Delta wye transformer

Location
Norfolk va
Occupation
Electrician
I am new to pv. So please excuse me . i have a delta wye transformer . So I need a neutral on the high and low side of transformer. The transformer only has one neutral connection point. Can I land both high and low neutrals on the xo connection poi t of the transformer . As I’ve looked into this it seems to me the transformers orderd for this job might be incorrect. Any help would be appreciated
 
Location
Norfolk va
Occupation
Electrician
The inverters need neutral I know that I don’t see why the grid side would need it. So would I need to wire the Xfm backwards


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Carultch

Senior Member
Location
Massachusetts
The inverters need neutral I know that I don’t see why the grid side would need it. So would I need to wire the Xfm backwards
If you wire it backwards, the turns ratio and voltage ratio will be inverted. A 208V to 480V transformer, will turn into a 208V to 90V transformer. Unless this started as a 1:1 isolation transformer, you can't swap the sides to fix the problem of the topology being backwards.
 
Location
Norfolk va
Occupation
Electrician
Or is there a way to have a neutral on the primary side ... all the equipment was orderd before I got here I just inherited this job so I’m trying to figure out what to do


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GoldDigger

Moderator
Staff member
Unless the primary (POCO) side winding of the transformer is configured as a wye there is no place to connect a neutral on the primary side.
If the primary side winding is a wye and the secondary is a delta, the neutral still should not be connected to the wye point. Nor bonded to EGC or ground.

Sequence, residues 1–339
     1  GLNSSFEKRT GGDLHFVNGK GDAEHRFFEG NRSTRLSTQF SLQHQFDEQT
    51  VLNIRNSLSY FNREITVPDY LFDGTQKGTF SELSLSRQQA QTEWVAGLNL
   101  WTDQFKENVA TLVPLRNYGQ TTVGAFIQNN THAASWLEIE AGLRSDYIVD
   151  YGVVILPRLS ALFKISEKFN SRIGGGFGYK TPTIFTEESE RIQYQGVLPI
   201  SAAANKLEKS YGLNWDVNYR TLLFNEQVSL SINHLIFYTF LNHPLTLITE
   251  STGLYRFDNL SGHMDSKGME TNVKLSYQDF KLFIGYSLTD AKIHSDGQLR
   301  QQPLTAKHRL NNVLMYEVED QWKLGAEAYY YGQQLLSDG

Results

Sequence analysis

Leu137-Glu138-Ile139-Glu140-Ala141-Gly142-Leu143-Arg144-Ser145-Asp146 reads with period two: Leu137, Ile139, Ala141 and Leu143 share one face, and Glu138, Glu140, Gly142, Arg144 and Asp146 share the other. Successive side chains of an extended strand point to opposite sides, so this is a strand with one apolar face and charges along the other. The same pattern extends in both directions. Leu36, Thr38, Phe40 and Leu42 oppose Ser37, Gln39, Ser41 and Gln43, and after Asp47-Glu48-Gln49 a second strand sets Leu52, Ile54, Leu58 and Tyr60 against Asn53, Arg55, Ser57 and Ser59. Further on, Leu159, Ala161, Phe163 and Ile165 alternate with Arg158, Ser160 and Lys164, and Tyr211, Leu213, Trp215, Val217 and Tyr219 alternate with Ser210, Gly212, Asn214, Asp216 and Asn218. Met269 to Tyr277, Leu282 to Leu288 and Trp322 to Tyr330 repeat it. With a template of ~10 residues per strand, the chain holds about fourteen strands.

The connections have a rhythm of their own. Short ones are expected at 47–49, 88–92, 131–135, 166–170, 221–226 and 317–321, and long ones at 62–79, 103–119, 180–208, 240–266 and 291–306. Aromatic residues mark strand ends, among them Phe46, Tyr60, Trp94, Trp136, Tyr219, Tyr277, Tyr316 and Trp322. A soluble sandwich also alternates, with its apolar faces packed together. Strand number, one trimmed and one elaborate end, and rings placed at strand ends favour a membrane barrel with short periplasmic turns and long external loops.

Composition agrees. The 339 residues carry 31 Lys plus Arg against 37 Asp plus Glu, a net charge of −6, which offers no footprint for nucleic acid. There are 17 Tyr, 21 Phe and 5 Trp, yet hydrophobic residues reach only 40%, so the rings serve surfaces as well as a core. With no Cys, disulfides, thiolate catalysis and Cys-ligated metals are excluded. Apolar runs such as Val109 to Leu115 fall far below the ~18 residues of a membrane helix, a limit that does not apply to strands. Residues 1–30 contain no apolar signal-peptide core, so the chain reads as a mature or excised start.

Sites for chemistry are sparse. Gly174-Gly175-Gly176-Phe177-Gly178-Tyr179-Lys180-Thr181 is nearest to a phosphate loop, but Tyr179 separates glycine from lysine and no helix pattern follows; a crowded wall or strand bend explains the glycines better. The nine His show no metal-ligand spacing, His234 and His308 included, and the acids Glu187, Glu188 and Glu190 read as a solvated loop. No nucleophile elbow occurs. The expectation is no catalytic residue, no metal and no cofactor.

Carultch

Senior Member
Location
Massachusetts
Or is there a way to have a neutral on the primary side ... all the equipment was orderd before I got here I just inherited this job so I’m trying to figure out what to do
There is, but it is complicated. It involves a using an auxiliary transformer to generate the mid-point among the three phases, so you get a neutral point for grounding, and sustain the three phases so they are "equidistant" from ground. One topology for this purpose is a zig-zag transformer. Another topology is a grounded wye:delta transformer, where the grounded wye is on the side of the grid you desire to ground, and the delta lines are dead ends.

Take a closer look at the inverter manual, and see if there is a possibility of running off 480V delta, either corner-grounded or ungrounded. Some inverters can use this topology, while other inverters strictly require a wye grid, that is grounded at its neutral.
 

winnie

Senior Member
Location
Springfield, MA, USA
Occupation
Electric motor research
Step back. Please describe what the utility service is, the voltage needed by the pv system, and the transformer voltages.

I am guessing you have a 208/120V utility service, 480V PV system, and a 480V delta : 208/120V wye transformer. But making this explicit will help get you a better answer.

Jon
 

kwired

Electron manager
Location
NE Nebraska